Tony Danker, director-general of the CBI, has had problems with lymerics made up about him since he was a kid. Those lazy rhymes and subsequent hoots of laughter have followed him all of his life. A slightly bigger problem for him this morning (Monday 25 July) is yet more sharp rises in costs as global supply chains are overhauled, and we wean ourselves off the markets we are addicted to - like those from China and Russia.
In 2021 the UK imported £63.6 billion of goods from China. This accounted for 13.3 per cent of all goods imports, making China our largest importing partner. For those of you who enjoy detail, £120 million of these imports were wadding, felt, nonwovens, yarns, twine and (our favourite) cordage. I mean, if we Brits can't be self-sufficient in cordage by now what possible use are we?
As for Russia, in 2021 imports from Mr Putin's back garden made up 4 per cent of gas used in the UK, 9 per cent of oil and 27 per cent of coal. In 2021, imports of gas, oil and coal from Russia to the UK were worth a combined £27.5 billion. The main products that Russia exports to United Kingdom are gold (including gold plated with platinum) unwrought or in semi-manufactured forms, or in powder form (valued at a whopping £14 billion) and platinum; unwrought or in semi-manufactured forms, or in powder form (£2.9 billion). More interestingly, we import snack foods from Russia to the value of about £3 million; which of us doesn't like pelmeni? Pastry dumplings typically filled with minced meat and wrapped in a thin, pasta-like dough? Yum.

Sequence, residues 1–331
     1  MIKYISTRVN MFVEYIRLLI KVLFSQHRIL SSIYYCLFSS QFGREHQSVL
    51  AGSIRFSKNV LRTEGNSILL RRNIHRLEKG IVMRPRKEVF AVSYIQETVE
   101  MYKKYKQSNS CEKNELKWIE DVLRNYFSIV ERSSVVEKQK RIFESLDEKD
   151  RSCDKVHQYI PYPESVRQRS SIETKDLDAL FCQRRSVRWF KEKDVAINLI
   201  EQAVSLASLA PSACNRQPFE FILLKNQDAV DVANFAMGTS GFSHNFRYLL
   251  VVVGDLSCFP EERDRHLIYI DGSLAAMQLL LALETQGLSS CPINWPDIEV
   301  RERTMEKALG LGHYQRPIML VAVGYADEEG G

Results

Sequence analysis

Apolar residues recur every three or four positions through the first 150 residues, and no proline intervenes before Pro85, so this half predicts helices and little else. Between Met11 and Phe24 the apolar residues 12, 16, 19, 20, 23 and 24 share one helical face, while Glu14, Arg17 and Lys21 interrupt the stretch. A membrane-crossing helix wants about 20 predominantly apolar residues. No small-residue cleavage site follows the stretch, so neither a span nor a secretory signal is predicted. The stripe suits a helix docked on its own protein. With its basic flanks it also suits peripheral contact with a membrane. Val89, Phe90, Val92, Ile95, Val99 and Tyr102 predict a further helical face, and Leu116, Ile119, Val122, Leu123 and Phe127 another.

This is what is bothering the young man called Danker, this morning. Tony warns that the West’s shift away from countries including Russia and China risked becoming “incredibly expensive” for consumers as companies stopped sourcing goods from the “cheapest and most economically efficient” markets. The argument is that Whitehall should pursue free trade agreements not just to capitalise on Britain’s departure from the European Union, but to cushion the blow of deglobalisation, prioritising imports just as much as exports.
The challenging news for British companies is that they need to restructure supply chains in ways that will make imports even more costly. This is part of what Danker calls a "more muscular" approach by the EU and US to China, following the ravaging of Ukraine by Russia. What he wants are free trade agreements with countries that are becoming more important within British companies’ supply chains, exporting goods such as food, metals and minerals to the UK.
Thank heavens our politics is not at all distracted by name calling and point scoring by the two most senior politicians in the country at this vital time.